JULY 5-8, 2018
Celebrate diversity through dance
Also, check out The Nanaimo Dragon Boat Festival happening the same weekend.
Showcasing an array of music and dance styles, the InFrinGinG Dance Festival brings together performers from across the world. The goal of this event is to allow artists to share a piece of their culture, whether authentically traditional or infused by their contemporary identities. For festival goers, this is an opportunity to explore and learn about different peoples in a fun and interactive way. This festival hosts various events: theatrical productions, interactive performances and workshops, a film-screening, and mass-choreographed public displays – some indoors, some outdoors; some ticketed, some free.
The annual dance festival was established successfully in 2010 under the banner of the InFrinGinG Dance Festival (upper and lower case to add a whimsical flare).
Curious to learn more about the name, we asked Holly Bright with the Crimson Coast Dance Society (who hosts the festival), “what is the meaning behind the name ‘The InFrinGinG Dance Festival’?”
“It has multiple meanings, like a poem which is like a dance and vice versa.”
“The idea for the name was inspired by the notion of infringing on a theatrical initiative and it also reflected the content. Our early InFrinGinG Dance Festivals focused on very edgy work that pushed audience comfort levels. In 2012 we shifted our focus to highlighting dance by artists who locate their work within their cultural or traditional backgrounds or who fuse that ancestral inspiration with their contemporary voice.”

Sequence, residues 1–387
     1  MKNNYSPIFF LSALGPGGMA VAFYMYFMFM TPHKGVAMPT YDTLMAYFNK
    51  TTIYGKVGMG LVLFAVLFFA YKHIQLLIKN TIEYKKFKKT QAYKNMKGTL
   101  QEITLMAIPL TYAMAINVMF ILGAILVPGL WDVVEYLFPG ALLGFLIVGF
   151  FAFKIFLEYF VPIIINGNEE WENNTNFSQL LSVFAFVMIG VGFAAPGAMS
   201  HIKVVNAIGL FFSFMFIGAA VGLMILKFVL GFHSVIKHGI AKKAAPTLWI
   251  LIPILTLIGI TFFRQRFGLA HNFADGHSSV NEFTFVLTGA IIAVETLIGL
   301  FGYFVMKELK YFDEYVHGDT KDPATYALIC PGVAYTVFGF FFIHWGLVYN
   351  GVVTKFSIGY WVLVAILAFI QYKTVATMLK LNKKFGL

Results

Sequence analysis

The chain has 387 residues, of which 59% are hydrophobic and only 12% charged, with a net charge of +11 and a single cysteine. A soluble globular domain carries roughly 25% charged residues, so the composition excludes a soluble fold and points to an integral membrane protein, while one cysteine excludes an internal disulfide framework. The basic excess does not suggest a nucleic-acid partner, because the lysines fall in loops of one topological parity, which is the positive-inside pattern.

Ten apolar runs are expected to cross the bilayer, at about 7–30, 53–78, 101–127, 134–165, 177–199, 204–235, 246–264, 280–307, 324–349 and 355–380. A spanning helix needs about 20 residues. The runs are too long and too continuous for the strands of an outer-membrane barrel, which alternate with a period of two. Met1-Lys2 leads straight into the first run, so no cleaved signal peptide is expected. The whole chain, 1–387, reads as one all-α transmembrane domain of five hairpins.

In the past, the InFrinGinG Dance festival has taken place at different times of the year; today, it takes place on the 2nd weekend in July to coincide with the Dragon Boat Festival. Together, these twin festivals make for a weekend of true awesomeness – three days of live dance and music, dragon boating, food, and crafts.
By highlighting various dance styles, the festival provides an opportunity for participants to learn about the cultures of the very people who live here in Nanaimo, the surrounding area, and further afield.
This year’s festival highlights two incredible must-see indoor shows.
Who are they?
The Sun and The Moon
“Opening night honours Indigenous culture and Snuneymuxw in particular. It features a new work, Thursday, July 5 at the Port, by our artistic director, Holly Bright, The Sun and the Moon. This is based on a story of the same name by Snuneymuxw author, Celestine Aleck. It explains the beauty of the relationship between the Sun and the Moon. There is an original score by Juno award-winning composer, Wayne Lavallee (of Métis ancestry) and video design by Chimerik. Local dance artists, Genevieve Johnson and Nicola Jackson bring their brilliance to the evening work. Also on the program is a short work by emerging and indigenous choreographer, Lisa Deptuck, about reconciliation and dance by Snuneymuxw dancers and song by Foot Prints of the Wolf.”